Apple Announces HomePod, Further Establishes Dominance Over Your Music Choices
As if you didn't rely on Apple devices in your day-to-day life already, the Cupertino company just announced HomePod, its entry into the smart speaker arena.
After more than two hours of chit chat about iOS 11, the MacBook and iPad Pro at the Worldwide Developers Conference this morning, Apple finally announced something the general public might be very interested in. Typically WWDC is fully of technical details for the people that create software for the Apple ecosystem. This year however, the talk also included the first look at the new HomePod, Apple's oddly named smart speaker.
The market has seen some stiff competition in the home assistant/speaker/streaming music device arena. Particularly, Amazon, Google and Sonos have all been vying for consumers with varying makes, models and success. The HomePod won't be out until December (in the US, UK and AU), but its simple and sleek design will already have Apple aficionados clamoring to get their hands on one. Or two.
The device itself will come in white and space gray, and will retail for $349 when it hits this holiday season. The HomePod has seven tweeters and a 4" woofer inside, all of which run off an A8 chip, which is the very same one found in your iPhone. That makes it arguably the smartest speaker you can buy, but it remains to be seen whether or not that makes it the best.
HomePod does plug into an outlet for power, but will stream from your iPhone, iPad or connected Apple device wirelessly. With the addition of Siri, HomePoad can also act as home assistant for you, which means you'll be able to schedule appointments, check the weather, listen to podcasts, set alarms, and run your Home app if you have one. Being able to listen to Apple Music is nice and all, as are the smart predictions the software can make, but it's all about being able to set that mood lighting while your jamming out.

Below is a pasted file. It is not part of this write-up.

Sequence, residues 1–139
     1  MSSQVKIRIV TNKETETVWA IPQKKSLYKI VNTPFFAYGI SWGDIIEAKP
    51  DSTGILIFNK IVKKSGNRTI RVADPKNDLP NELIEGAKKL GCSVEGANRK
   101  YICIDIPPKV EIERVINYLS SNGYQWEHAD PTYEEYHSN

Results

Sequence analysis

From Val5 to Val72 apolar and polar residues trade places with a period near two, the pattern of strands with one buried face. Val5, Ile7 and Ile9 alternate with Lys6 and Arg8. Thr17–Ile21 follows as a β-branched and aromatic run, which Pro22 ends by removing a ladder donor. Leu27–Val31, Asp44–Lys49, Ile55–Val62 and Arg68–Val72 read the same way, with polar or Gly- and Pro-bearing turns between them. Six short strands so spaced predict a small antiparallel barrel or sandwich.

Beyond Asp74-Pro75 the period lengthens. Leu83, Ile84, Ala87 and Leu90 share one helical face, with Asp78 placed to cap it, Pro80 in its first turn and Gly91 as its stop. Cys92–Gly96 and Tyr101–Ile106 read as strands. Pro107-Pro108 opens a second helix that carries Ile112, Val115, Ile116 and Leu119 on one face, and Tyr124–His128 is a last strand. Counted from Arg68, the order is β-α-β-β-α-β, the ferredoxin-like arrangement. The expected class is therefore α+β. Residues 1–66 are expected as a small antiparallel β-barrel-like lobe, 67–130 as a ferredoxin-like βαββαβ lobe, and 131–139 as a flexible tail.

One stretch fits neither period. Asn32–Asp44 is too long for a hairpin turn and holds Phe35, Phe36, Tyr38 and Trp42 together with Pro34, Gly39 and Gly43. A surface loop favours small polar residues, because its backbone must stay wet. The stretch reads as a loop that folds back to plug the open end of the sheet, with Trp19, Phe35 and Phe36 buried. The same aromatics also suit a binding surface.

On the technological side, Apple's virtual demonstration of why HomePod is a superior speaker was all about the device's ability to recognize the space it was filling. By sensing the room size, space and what occupied it, HomePod can best determine how to project your music throughout. In practice, it looked like a lot of smart "Waves" being sent from the device that were reflected in the acoustics of the room to give HomePod an idea of its surroundings. You'll have to wait until December to see how that will translate to the actual product once in your home.
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